She’s no stranger to academic pressure, having completed a PhD in geophysics from the Australian National University’s Research School of Earth Sciences after four years of study.

Then, having felt she’d reached her orienteering peak in New Zealand and Australia, Ingham ventured into Europe, where the sport is huge, even being broadcast on national television.

She joined the Halden SK club in Norway, training five to six days a week for four years, with a clubhouse in the middle of a forest. She also got a job as a geophysicist.

In August 2019, Ingham raced in the world champs in her new home of Norway, finishing 38th in the middle distance and 25th in the long distance.

Finally returning home to New Zealand at the end of that year, Ingham planned to compete overseas in 2020, but ended up simply running around New Plymouth during various Covid lockdowns to stay fit and keep training. She’s been working as an environmental scientist for the Taranaki Regional Council ever since.

“Trying to keep a training routine and motivation up through all of that was really hard,” Ingham says. “It’s very hard to train properly when you don’t know if or when your next competition is going to be.”

It’s been two and a half years since Lizzie Ingham last competed internationally. Photo: WorldofO

International competition is back on Ingham’s radar – she’s one of eight Kiwi orienteers departing our shores next month to compete at the world champs in Denmark.

“We’ve got a good mix of experience and runners who’ll be at their first world champs as well, so it’s really exciting,” says Ingham, who finished ninth in the sprint at the 2012 world championships in Lausanne.

“The sprint world champs will be our best shot as New Zealanders because it’s easier to train for sprint in New Zealand than it is for terrain. The forest in Sweden or Switzerland is very, very different from here in New Zealand. But a sprint around a town or a university campus, we can train for that pretty accurately here in New Zealand.”

Ingham proved her sprinting prowess at the 2013 World Cup, run in her hometown around the capital’s Parliament buildings, where she won bronze.

She’s competed in every world champs as a senior elite orienteer from 2010 to 2019 (and at junior worlds for four years before that). While she’s feeling excited for her return, she admits the two-and-a-half years away from international competition have been tough.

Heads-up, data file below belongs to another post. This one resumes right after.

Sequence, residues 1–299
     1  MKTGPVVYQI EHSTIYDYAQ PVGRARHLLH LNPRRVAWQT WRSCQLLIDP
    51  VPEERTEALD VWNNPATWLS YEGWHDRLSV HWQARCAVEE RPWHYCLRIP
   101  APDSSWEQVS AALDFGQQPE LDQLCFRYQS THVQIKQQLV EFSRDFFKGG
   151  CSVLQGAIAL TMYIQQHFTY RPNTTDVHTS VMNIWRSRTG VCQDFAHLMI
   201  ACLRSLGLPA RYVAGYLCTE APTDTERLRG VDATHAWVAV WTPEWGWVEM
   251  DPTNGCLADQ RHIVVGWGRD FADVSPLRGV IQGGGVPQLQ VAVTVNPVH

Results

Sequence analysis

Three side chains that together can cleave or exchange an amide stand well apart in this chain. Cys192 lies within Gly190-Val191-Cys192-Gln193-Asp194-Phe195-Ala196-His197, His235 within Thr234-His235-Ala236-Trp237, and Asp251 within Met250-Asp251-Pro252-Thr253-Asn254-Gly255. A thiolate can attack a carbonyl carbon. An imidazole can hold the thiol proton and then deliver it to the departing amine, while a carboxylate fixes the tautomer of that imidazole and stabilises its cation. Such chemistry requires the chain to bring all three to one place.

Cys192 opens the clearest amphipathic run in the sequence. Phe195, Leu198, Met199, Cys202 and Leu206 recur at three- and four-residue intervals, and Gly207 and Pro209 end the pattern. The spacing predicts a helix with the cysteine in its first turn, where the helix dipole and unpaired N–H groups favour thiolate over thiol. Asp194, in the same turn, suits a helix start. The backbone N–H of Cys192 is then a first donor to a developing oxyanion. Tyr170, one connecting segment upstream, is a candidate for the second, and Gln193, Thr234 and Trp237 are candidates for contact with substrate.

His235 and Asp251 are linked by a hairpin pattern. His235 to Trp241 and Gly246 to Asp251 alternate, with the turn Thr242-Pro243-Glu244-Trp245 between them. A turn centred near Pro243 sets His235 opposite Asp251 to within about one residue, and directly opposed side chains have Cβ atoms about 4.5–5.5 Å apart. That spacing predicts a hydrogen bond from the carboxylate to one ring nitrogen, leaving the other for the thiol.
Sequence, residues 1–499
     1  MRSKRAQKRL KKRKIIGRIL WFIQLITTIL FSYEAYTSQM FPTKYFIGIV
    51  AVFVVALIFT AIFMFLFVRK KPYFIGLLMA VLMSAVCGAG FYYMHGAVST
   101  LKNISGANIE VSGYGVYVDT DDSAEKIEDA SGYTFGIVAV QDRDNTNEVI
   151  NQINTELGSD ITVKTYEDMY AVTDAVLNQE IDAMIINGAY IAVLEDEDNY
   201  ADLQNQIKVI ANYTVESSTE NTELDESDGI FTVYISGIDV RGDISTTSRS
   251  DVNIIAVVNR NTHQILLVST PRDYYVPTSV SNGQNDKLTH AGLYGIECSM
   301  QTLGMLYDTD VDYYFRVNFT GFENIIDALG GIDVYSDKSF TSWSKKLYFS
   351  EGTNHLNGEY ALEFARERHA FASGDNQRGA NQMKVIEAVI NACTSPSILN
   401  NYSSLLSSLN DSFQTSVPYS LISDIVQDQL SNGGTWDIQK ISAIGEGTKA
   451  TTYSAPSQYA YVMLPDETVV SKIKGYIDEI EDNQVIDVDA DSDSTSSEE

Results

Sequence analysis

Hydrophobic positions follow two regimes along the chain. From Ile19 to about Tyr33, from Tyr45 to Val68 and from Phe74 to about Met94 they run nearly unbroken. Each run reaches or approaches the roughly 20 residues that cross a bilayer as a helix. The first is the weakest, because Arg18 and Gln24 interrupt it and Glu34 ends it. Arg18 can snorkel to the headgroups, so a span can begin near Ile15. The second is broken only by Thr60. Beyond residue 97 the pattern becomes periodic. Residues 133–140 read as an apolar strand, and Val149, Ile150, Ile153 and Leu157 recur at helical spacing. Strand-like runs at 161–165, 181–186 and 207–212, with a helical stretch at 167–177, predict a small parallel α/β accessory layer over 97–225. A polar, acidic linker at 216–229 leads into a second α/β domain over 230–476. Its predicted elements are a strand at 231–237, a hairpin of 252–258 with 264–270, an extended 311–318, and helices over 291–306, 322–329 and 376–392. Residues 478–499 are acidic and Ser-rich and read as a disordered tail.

“Sitting over here and watching results and competitions in Europe, it’s very easy to think your competition is getting far more training and practice and they’re getting high level races over there,” she says.

“But what I’ve learned over the last 13 years is that for me personally, it’s better to prepare at home – I have confidence in the training I’m doing, I know I’m putting in the effort.”

Orienteering is a staggered start, time trial event so unless a competitor is passed by another athlete, they don’t know where in the field they stand, which Ingham finds mentally easier.

“Because I haven’t raced against these girls in two-and-a-half years, I don’t know where I’m at, head-to-head against them. So there’s nothing to worry about there, I can just focus on a lone race. I don’t have a preconception of where I fit in the field.”

Ingham encourages anyone interested to find an orienteering club near them, get active and learn some life skills.

“So many people say ‘I don’t want to do it, I don’t like running’ – but you don’t have to run,” she says. “‘Oh I can’t read a map’ – we’ ll teach you to read a map, just come along and give it a try.

“It’s an incredibly family-friendly sport, and because we’re entirely volunteer-run in New Zealand, you’ll find your local club more than willing to help any newcomers. It’s the lifelong friends I’ve made through orienteering who just make it such a worthwhile sport to get involved in.”